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« High Volume, High Speed, Low Resistance - 2 | Main | Thoughts on the Long List (2) »

High Volume, High Speed, Low Resistance

Just to wet your appetites I’m about to start the final testing of the high volume, high speed, low resistance system which I’ve been working on for the last few months. The aim of this method is to enable you to do anything and everything, with minimum resistance. I’m very hopeful that I have succeeded.

Some of the characteristics of the system are: 

  • Urgent tasks can be accessed at any time without bending or breaking the rules
  • Whatever the size of the list, scanning for the next task takes minimal time
  • It is very suited to “little and often” working
  • Any size of list can be handled
  • Equal attention is paid to all parts of the list
  • The system itself provides momentum
  • There is no provision for dismissal as this is unnecessary 

I’m starting testing tomorrow with my existing list which is spread across pages of 31 lines each. The number of active tasks currently on each page is as follows:

1 - 1

2 - 0

3 - 2

4 - 3

5 - 6

6 - 5

7 - 6

8 - 1

9 - 1

10 - 13

11- 18

Total: 56

Please note: 

  1. This page distribution was produced by a different system
  2. The pages are only being recorded for test puposes. The system does not use pages - it is just one long list and therefore ideally suited for electronic implementation.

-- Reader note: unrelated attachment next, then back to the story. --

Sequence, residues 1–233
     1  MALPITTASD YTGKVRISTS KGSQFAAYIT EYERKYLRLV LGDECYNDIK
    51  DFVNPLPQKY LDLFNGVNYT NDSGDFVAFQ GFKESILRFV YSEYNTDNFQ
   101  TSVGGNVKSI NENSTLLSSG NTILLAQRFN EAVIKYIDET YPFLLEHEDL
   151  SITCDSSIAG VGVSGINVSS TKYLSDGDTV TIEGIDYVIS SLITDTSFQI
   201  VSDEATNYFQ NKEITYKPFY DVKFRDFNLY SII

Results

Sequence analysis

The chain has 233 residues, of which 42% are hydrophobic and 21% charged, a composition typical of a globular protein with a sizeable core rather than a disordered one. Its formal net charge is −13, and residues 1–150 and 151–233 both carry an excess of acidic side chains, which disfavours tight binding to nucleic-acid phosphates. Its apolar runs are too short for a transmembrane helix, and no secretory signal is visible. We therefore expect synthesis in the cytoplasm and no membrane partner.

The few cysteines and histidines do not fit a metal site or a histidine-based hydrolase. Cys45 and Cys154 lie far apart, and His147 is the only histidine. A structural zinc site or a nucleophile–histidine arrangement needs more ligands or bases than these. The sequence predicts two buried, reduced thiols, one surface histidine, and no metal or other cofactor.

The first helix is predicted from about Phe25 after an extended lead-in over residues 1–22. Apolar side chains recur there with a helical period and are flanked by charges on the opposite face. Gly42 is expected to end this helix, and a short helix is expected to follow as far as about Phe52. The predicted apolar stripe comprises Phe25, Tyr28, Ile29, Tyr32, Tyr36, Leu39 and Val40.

Reader Comments (18)

Can't wait, Mark. Are you going to reveal the whole system here, or reserve it for the book?
July 2, 2017 at 1:27 | Unregistered CommenterMartin Williams
Can't wait, Mark. Are you going to reveal the whole system here, or reserve it for the book?
July 2, 2017 at 1:27 | Unregistered CommenterMartin Williams
Can't wait, Mark. Are you going to reveal the whole system here, or reserve it for the book?
July 2, 2017 at 1:28 | Unregistered CommenterMartin Williams
Sounds exciting! Looking forward to more!
July 2, 2017 at 1:50 | Registered CommenterSeraphim
Recently found FVP (and having a good time with it), so colour me interested!
July 2, 2017 at 6:45 | Unregistered CommenterFrancesco
hi Mark,
Wish you a fast recovery of all your health issues,and wishes for your New BOOK to create records. Bring revolution.
Mark I would request you to say something as a critic to another well known, proclaimed as successful, catch all system which I doubt can be implemented as guided, Its getting things done by David Allen.
July 2, 2017 at 7:16 | Unregistered CommenterGlen
Martin Williams:

I intend to reveal it here - assuming it survives the testing of course!
July 2, 2017 at 10:57 | Registered CommenterMark Forster
Hi Mark, what about giving us a preliminary version of the instructions, so we can test the new system along with you?
July 2, 2017 at 15:39 | Unregistered Commenternick61

Sorry, I'm not ready to do that yet.
July 2, 2017 at 23:05 | Registered CommenterMark Forster
Can I request a feature which deals with those who have less than desirable skills of natural task selection.....
July 3, 2017 at 11:55 | Unregistered CommenterMrBacklog

Since my expience so far with this system is that just about every task gets worked on during the course of the day, it doesn't really matter much what order you do them in.